“I’ve got everything I need, so why am I so unhappy?” asks Maura (Jeffrey Tambor, “Arrested Development”) in “Transparent” ’s powerful season three premiere. Though this emotionally charged question is directed at her girlfriend, Vicki (Anjelica Huston, “The Royal Tenenbaums”), it seems that Maura is looking to herself for the answer. Herein lies the theme of the third and most compelling season yet: desire.
Though the source of Maura’s unhappiness isn’t immediately clear, her question doesn’t necessitate a response right away. It suffuses the episode with a vague feeling of discontent that mounts as the episode progresses and Maura gets nowhere nearer to finding the answer. However, it foregrounds the emotional journey that Maura will embark on this season as she begins to assess what she really wants.
Sparked by Maura’s question, the tone of the episode carries a subdued unease that builds in its restless tension. This feeling is intensified by the episode, which structured entirely around its main character. In a daring formal conception, the episode excludes all but the main character from its storyline. The audience is compelled to align themselves with only the show’s protagonist.
Nearly the entire cast is excluded from the episode with the exception of Raquel (Kathryn Hahn, “Bad Moms”), who is crosscut with the main storyline while narrating a Passover sermon over shots of a secluded walk through the woods. The juxtaposition of the two, Maura’s story with Raquel’s spiritual musings, adds meaningful subtext to what would otherwise appear to be an offshoot from the season’s overarching storyline. Unlike most shows, “Transparent” not only addresses religion and spirituality, but does so in a grounding and accessible way that layers meaning into its narrative.
After answering a distressing phone call from a young transgender woman on the verge of taking her own life, Maura is shaken. Struggling to find an appropriate response among a list of scripted phrases provided by the center that suddenly seem unfitting, Maura goes off book and addresses the individual more personally. In a rapid series of cuts, we’re taken into each character’s respective worlds, while being given only extreme close-ups of their lips. This intimate approach in depicting the phone call amplifies its urgency. Both the audience and Maura are drawn into the teen’s plight.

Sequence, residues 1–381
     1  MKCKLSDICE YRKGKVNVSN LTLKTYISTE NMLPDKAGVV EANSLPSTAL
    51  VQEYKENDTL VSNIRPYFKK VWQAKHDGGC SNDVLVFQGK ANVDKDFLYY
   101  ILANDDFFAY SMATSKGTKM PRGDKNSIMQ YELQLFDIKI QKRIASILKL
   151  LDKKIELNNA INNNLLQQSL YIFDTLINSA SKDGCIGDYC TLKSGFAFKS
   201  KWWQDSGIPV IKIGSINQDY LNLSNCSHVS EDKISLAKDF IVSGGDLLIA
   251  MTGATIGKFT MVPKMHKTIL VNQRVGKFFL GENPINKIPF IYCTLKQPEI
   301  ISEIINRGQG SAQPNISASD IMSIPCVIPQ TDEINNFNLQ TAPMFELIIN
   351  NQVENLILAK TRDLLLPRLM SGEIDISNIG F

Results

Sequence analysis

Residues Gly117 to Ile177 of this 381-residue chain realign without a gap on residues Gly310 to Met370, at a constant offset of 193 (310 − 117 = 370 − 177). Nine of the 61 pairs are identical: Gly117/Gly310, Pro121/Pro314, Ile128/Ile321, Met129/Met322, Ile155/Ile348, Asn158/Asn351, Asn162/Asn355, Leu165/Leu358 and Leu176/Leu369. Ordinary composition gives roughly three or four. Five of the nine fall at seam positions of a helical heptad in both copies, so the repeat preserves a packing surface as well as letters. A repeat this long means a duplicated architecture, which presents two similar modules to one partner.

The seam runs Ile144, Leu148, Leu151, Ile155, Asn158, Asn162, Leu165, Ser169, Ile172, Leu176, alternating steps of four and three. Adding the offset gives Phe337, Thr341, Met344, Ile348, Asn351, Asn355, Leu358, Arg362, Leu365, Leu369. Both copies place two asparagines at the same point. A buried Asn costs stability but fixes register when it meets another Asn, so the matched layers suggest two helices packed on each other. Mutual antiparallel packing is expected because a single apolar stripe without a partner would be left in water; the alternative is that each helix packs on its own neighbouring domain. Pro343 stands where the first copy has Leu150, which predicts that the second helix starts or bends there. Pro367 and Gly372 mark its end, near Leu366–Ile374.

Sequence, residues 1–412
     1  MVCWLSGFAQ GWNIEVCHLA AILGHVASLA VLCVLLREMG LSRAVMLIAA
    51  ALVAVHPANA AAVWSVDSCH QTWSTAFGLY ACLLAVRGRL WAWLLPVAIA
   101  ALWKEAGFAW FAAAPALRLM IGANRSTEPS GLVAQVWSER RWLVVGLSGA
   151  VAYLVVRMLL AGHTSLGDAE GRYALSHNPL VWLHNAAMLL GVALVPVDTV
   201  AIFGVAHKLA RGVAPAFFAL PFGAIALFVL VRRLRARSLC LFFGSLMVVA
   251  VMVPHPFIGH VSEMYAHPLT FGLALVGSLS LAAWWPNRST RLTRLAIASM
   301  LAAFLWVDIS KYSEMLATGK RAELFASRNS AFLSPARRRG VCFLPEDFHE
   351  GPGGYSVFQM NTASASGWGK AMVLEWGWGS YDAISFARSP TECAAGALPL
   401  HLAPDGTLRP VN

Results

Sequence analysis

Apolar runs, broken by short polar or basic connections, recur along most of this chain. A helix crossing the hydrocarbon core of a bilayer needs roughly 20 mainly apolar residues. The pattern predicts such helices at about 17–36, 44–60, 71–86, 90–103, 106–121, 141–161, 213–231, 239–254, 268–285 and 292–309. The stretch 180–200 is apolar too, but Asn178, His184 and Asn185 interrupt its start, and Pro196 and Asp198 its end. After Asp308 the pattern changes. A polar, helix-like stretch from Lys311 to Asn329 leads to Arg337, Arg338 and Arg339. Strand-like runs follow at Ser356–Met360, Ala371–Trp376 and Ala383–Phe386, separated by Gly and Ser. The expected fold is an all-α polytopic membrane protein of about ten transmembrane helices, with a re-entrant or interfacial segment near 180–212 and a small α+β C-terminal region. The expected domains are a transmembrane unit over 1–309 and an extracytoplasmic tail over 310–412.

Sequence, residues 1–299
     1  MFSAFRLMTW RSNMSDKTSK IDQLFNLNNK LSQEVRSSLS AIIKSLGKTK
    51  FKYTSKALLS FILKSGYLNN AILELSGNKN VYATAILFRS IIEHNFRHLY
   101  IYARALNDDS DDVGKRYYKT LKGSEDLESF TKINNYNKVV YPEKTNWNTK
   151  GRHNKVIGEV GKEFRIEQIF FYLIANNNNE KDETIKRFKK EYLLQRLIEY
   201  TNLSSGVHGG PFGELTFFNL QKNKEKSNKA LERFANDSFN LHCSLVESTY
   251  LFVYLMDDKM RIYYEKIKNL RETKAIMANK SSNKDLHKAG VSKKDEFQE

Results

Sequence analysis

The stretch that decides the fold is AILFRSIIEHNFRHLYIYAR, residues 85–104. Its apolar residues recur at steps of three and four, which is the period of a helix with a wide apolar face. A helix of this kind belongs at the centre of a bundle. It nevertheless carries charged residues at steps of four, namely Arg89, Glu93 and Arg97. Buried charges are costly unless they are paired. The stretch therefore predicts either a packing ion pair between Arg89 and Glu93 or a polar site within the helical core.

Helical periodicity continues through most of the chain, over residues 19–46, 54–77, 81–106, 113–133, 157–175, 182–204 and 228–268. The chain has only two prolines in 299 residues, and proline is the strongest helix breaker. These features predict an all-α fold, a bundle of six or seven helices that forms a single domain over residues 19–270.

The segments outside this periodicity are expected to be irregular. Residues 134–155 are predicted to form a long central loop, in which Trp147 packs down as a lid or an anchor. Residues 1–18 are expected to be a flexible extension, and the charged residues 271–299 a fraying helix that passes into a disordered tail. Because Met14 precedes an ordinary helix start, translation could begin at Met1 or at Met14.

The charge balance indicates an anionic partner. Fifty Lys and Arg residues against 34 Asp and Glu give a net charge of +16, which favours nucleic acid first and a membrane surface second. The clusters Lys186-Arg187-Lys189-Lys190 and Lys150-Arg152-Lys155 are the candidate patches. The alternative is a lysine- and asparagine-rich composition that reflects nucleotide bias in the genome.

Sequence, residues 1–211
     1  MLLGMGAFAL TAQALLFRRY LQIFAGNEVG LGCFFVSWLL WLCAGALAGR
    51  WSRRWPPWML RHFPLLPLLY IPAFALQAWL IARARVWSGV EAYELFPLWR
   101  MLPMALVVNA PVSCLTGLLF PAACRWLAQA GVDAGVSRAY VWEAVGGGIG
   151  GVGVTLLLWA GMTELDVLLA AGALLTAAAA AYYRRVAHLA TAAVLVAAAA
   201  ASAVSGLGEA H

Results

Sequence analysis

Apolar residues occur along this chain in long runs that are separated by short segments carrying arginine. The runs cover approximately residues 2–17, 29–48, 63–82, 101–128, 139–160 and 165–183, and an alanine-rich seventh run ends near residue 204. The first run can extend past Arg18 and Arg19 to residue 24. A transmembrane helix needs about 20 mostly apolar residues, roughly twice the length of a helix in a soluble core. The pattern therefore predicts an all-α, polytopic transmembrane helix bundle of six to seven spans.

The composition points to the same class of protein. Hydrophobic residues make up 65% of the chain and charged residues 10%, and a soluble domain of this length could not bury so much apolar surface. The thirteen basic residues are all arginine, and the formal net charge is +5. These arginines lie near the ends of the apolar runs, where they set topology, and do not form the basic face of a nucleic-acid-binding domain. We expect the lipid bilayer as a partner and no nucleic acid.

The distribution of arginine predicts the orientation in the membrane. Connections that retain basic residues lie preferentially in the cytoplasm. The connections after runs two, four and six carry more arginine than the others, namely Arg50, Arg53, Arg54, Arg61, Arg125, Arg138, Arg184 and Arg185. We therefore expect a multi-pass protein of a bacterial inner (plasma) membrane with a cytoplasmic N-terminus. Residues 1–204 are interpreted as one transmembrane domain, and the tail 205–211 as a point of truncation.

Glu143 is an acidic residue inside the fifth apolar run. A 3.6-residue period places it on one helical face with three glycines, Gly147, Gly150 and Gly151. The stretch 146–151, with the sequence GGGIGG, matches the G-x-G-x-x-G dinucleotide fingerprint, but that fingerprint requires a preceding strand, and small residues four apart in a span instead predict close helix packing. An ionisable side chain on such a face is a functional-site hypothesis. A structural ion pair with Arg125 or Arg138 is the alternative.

After the teen hangs up, Maura searches for her. She grows increasingly perturbed and her concern becomes more apparent as time goes by without any leads on her location. Maura arrives at the mall, where a conversation with three women turns contentious, her shoe breaks and a fast food employee accuses her of stealing a beverage.
The heart-wrenching escalation of Maura’s efforts to save someone not only heightens the tension in the episode, but also hints at the forces Maura struggles against in her own life. This becomes evident when Maura collapses in a panic when she is being escorted out by mall security and encounters the teen who is justifiably confused by Maura’s intense determination to help her.
The carefully rising tautness throughout the episode suddenly surges at this climactic moment. Her failure to feel redeemed in her efforts to save someone is tinged with all the burdensome sadness of Maura’s own inability to overcome obstacles in her own life. When Maura desperately pleas to be taken to a Jewish hospital, her wishes aren’t met, and the audience is reminded of the constant barriers she faces in her transition.
After she wakes up in a county hospital in the following episode, the arrival of the Pfefferman clan is a welcome relief after the intense isolation that pervades the first episode. “Transparent” has a knack for bringing in characters when they are needed most. Following her release from the hospital, Maura announces her desire to get surgery to her family at her birthday dinner –– yet another timestamp marking the status of her gender transition. A resounding uncertainty falls over the family members. Shelly (Judith Light, “Ugly Betty”), after haughtily announcing that she is “transitioning” into her own brand at dinner, quickly deflates and voices her dissent when Maura tries to insist she wants to be called “Mom.”
All it takes for us to glean the family’s reluctant acceptance is the camera momentarily resting on the faces of Ali (Gaby Hoffmann, “Girls”), Sarah (Amy Landecker, “Louie”) and Josh (Jay Duplass, “The Mindy Project”). The show’s grounded actuality comes from moments like these –– where it takes nothing more than a few glances between the three children to convey their close bond and evolving relationship with Maura and one another. Maura’s internal plight is mirrored in her children’s own search for happiness, which the series develops through a series of flashbacks that intertwine the narrative of their past with their present.
With the opportunity afforded by television to develop characters over time, the series has successfully mastered its use of the medium to do just that with Maura and the Pfeffermans. The show takes great pains in both its narrative structure and formal tendencies to illuminate complex transition over time –– making its third season its most gripping foray into family, identity and gender.